My humble little rig is actually backed up with Technics sansui etc.a Few Linear tracking tables even the SP 10. They never sound as goodas my Table. I never invested a few hundred into a cartridge for a $50 pawn shop garage sale TT.

Now that you have given me permission to let the stylus hit the paper. Can anyone really think about why a few extra bits would cost so much in the quality of playback. The differences between this entry level VPI and an 80s Mid Fi table are not subtle.
Truth be told the fancier they get the more honest they are. Lloyds personal rig is not the analytical detail retriever he has at shows. His has been modded to the point of sheer musicality.
Even though being a member will give you the table for less than a long pair of Synergistics or Stealth Indra ICs.The table is free but you have to buy a cartridge cable stands anti resonance pucks contact enhancer Valid points (a very good deal really beiung valid is honestly a trip.) All of which adds up to the MRSP.
Seriously you think a used Dual will sound as good as the scout. I will sell off my carefully selected collection of reserve of extra tables just for that.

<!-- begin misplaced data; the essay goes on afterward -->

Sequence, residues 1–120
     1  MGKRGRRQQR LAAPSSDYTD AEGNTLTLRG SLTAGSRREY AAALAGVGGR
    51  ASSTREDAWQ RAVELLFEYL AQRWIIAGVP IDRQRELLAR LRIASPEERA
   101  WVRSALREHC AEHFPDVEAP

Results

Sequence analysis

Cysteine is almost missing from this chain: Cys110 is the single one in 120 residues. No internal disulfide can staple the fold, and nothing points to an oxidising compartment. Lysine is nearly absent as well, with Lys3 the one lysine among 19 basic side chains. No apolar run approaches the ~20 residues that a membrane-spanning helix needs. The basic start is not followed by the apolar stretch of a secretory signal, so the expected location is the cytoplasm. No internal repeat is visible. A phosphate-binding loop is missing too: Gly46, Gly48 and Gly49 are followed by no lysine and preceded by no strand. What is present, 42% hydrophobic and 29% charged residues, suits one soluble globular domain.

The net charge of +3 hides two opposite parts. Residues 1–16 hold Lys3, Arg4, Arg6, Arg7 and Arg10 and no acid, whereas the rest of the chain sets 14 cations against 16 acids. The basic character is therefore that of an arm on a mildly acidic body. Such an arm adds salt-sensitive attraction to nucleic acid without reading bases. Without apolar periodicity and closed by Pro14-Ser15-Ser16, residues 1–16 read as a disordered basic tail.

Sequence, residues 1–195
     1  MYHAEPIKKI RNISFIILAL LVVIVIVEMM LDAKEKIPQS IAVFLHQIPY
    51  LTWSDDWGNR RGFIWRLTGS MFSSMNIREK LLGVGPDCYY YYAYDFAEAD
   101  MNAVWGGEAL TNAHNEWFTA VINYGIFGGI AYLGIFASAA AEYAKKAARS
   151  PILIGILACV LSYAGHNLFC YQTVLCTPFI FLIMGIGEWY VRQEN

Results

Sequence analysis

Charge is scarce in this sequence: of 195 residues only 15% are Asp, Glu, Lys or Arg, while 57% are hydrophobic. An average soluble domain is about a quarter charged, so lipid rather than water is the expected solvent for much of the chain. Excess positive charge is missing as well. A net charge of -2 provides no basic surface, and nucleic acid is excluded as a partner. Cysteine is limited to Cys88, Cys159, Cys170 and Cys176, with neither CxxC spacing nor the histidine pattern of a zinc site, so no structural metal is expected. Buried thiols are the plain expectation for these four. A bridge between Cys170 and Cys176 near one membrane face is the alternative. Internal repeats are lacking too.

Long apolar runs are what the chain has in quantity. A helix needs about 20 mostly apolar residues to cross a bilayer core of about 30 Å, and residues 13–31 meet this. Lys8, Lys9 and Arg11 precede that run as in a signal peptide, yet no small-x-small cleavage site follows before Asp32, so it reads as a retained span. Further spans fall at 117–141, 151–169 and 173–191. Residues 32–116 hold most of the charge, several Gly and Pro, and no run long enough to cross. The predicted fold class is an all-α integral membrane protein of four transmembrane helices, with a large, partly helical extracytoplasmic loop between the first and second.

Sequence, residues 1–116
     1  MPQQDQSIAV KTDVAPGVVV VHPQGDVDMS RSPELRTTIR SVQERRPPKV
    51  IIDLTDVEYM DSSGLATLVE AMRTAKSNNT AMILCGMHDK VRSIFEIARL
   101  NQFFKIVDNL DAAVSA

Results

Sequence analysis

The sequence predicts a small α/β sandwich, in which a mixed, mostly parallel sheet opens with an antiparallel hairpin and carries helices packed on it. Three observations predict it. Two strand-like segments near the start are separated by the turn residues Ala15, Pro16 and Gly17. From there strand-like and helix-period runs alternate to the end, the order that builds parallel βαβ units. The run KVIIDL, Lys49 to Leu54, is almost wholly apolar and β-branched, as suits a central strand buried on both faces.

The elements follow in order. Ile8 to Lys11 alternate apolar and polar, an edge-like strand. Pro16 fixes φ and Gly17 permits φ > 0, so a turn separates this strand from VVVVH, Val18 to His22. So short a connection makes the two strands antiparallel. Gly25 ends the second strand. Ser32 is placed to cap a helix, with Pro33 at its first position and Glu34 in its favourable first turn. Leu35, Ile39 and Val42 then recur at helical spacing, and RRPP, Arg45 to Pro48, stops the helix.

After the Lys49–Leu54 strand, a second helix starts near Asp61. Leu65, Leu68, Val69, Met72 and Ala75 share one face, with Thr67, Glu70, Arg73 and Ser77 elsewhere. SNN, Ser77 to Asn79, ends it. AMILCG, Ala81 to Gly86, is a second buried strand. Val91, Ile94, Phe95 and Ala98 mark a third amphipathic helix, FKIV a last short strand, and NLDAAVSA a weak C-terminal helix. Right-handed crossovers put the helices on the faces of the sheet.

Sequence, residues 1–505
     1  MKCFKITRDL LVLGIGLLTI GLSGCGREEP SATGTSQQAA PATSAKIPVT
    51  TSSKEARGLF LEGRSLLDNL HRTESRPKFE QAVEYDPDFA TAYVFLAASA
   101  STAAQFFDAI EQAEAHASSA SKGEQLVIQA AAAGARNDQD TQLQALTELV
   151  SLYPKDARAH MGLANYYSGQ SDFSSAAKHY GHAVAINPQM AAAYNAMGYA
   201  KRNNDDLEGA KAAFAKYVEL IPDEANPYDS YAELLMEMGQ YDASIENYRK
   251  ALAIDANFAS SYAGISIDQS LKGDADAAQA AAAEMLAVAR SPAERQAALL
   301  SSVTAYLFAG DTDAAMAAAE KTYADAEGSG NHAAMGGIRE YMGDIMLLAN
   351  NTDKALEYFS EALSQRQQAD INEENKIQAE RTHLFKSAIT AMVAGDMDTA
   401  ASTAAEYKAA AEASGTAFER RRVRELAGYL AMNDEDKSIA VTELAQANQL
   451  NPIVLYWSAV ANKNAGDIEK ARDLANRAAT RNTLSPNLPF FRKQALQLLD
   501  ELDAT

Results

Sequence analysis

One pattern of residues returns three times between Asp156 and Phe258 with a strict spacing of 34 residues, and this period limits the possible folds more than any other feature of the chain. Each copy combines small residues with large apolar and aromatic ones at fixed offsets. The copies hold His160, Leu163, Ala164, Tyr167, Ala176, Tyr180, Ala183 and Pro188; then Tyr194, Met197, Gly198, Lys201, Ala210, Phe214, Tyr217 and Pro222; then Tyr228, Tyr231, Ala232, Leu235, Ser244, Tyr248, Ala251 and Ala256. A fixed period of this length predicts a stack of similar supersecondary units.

I still can't quite figure out when buying a turntable meant a platter that spins with the entire remaining necessary parts like the arm as separates. Well I 'll look or trade down for an in.
Mechans, "I sit nervously until the last track then I stand up to catch the arm."

What is the fear? It sits in the runout groove until you lift the arm.

BTW Thorens used to sell an arm lift device for less than $20 that mounts easily to most any table. I use it on my Linn Axis and it has worked for almost 30 years now without fail. You can see it in the picture of the Linn Axis in my system if you look carefully.

Does anyone still sell this gadget or anything like it? If so, it is the answer to the woes of those who are bothered by the stylus remaining engaged at the end of a record which I agree is annoying at best.
I am currently using what has been my secondary 'table, an old B&O Beogram 4004 -- and I will repeat my recommendation of B&O turntables for the "ritual-averse" audiophile. Most of their linear-tracking models will deliver exactly what you're asking for, especially with one of the better B&O or Soundsmith cartridges. The only problem is . . . all your Walker-owning friends will certainly give you a hard time for it.